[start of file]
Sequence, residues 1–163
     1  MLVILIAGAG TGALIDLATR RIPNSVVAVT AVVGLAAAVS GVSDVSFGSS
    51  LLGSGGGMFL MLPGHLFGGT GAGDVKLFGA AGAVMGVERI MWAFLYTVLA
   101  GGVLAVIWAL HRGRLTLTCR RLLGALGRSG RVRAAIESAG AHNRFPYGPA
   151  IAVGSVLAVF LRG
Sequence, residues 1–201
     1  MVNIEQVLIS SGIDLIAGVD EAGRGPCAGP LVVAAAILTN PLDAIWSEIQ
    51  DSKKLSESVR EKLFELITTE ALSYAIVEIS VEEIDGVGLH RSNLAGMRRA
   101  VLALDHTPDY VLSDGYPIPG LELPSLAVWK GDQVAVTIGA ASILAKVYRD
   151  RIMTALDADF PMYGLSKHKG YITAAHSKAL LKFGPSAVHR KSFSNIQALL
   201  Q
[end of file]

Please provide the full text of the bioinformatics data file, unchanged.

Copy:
Sequence, residues 1–163
     1  MLVILIAGAG TGALIDLATR RIPNSVVAVT AVVGLAAAVS GVSDVSFGSS
    51  LLGSGGGMFL MLPGHLFGGT GAGDVKLFGA AGAVMGVERI MWAFLYTVLA
   101  GGVLAVIWAL HRGRLTLTCR RLLGALGRSG RVRAAIESAG AHNRFPYGPA
   151  IAVGSVLAVF LRG
Sequence, residues 1–201
     1  MVNIEQVLIS SGIDLIAGVD EAGRGPCAGP LVVAAAILTN PLDAIWSEIQ
    51  DSKKLSESVR EKLFELITTE ALSYAIVEIS VEEIDGVGLH RSNLAGMRRA
   101  VLALDHTPDY VLSDGYPIPG LELPSLAVWK GDQVAVTIGA ASILAKVYRD
   151  RIMTALDADF PMYGLSKHKG YITAAHSKAL LKFGPSAVHR KSFSNIQALL
   201  Q